Adding and Deleting Files
CVS treats file creation and deletion like other changes, recording such events in the files' histories. One way to look at this is to say that CVS records the history of directories as well as the files they contain.
CVS doesn't assume that newly created files should be placed under its control; this would do the wrong thing in many circumstances. For example, one needn't record changes to object files and executables, since their contents can always be re-created from the source files (one hopes). Instead, if you create a new file, cvs update will flag it with a ? character until you tell CVS what you intend to do with it.
To add a file to a project, you must first create the file, and then use the cvs add command to mark it for addition. Then, the next call to cvs commit will add the file to the repository. For example, here's how you might add a README file to the httpc project:
$ ls CVS Makefile httpc.c poll-server $ vi README ... enter a description of httpc ... $ ls CVS Makefile README httpc.c poll-server $ cvs update cvs update: Updating . ? README --- CVS doesn't know about this file yet. $ cvs add README cvs add: scheduling file `README' for addition cvs add: use 'cvs commit' to add this file permanently $ cvs update --- Now what does CVS think? cvs update: Updating . A README --- The file is marked for addition. $ cvs commit README ... CVS prompts you for a log entry ... RCS file: /u/jimb/cvs-class/rep/httpc/README,v done Checking in README; /u/src/master/httpc/README,v <-- README initial revision: 1.1 done $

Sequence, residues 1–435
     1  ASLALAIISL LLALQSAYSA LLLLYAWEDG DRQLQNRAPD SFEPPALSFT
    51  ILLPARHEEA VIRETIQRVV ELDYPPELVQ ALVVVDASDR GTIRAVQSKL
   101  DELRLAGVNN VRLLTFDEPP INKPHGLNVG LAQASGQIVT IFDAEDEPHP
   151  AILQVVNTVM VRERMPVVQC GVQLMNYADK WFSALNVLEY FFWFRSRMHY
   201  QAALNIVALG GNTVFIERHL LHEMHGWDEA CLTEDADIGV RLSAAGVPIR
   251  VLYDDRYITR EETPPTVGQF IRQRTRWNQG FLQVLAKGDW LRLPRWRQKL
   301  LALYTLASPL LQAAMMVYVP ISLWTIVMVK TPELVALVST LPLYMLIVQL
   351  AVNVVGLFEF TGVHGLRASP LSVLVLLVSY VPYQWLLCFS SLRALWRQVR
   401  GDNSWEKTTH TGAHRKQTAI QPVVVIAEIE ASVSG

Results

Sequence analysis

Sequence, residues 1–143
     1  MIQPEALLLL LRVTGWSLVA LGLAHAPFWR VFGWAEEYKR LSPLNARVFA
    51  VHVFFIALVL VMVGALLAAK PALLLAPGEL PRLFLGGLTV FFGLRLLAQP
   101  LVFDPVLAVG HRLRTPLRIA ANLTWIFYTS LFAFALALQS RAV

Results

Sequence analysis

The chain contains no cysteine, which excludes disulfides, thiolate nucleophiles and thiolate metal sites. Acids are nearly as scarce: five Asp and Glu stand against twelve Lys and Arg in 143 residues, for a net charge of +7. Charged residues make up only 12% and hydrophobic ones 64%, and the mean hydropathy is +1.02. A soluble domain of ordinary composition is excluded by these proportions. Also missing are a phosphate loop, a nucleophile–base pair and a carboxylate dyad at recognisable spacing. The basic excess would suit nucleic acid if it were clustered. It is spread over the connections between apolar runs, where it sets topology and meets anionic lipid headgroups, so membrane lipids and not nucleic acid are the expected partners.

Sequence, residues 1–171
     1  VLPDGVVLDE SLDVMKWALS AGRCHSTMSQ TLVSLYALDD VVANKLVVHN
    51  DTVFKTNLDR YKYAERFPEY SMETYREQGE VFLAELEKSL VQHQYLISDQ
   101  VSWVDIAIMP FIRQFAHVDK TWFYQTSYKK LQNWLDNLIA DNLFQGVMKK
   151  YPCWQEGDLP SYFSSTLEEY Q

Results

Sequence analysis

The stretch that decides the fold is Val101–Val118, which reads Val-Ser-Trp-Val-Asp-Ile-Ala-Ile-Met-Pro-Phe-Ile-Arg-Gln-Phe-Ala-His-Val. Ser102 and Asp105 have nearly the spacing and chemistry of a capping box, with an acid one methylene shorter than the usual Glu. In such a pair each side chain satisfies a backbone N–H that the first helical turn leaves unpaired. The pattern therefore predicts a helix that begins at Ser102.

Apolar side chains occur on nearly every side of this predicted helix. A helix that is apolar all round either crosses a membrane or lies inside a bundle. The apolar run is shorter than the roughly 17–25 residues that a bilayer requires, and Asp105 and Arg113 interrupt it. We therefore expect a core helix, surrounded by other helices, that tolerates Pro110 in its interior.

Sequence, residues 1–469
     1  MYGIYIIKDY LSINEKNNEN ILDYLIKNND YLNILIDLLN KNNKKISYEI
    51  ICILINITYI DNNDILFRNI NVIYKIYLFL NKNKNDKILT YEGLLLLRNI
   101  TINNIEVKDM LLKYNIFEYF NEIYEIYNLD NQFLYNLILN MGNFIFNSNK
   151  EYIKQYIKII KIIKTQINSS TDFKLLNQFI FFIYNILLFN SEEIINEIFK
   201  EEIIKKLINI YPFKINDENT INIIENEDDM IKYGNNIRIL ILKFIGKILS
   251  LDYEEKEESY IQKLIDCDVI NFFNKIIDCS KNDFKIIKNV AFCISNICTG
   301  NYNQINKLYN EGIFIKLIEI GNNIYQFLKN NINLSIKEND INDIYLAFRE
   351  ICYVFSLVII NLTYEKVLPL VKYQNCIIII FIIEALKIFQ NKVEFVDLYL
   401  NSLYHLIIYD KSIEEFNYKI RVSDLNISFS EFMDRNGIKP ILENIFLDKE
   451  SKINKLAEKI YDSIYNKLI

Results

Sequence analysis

CVS treats deleted files similarly. If you delete a file and then run cvs update, CVS doesn't assume you intend the file for deletion. Instead, it does something benign -- it re-creates the file with its last recorded contents, and flags it with a U character, as for any other update. (This means that if you want to undo the changes you've made to a file in your working directory, you can simply delete the files, and then let cvs update recreate them.)
To remove a file from a project, you must first delete the file, and then use the cvs rm command to mark it for deletion. Then, the next call to cvs commit will delete the file from the repository.
Committing a file marked with cvs rm does not destroy the file's history. It simply adds a new revision, which is marked as "non-existent." The repository still has records of the file's prior contents, and can recall them as needed — for example, by cvs diff or cvs log.
There are several strategies for renaming files; the simplest is to simply rename the file in your working directory, and run cvs rm on the old name, and cvs add on the new name. The disadvantage of this approach is that the log entries for the old file's content do not carry over to the new file. Other strategies avoid this quirk, but have other, stranger problems.
You can add directories just as you would ordinary files.